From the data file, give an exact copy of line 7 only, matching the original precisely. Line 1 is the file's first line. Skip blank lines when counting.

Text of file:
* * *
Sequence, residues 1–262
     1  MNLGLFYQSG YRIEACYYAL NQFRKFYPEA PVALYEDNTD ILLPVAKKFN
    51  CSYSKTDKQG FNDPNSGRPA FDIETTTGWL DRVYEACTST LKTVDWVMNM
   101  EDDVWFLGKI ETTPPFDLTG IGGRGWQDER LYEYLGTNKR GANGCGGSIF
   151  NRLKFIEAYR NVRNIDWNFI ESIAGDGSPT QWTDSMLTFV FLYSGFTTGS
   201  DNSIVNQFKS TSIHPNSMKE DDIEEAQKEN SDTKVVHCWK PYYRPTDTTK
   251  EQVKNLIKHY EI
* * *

   251  EQVKNLIKHY EI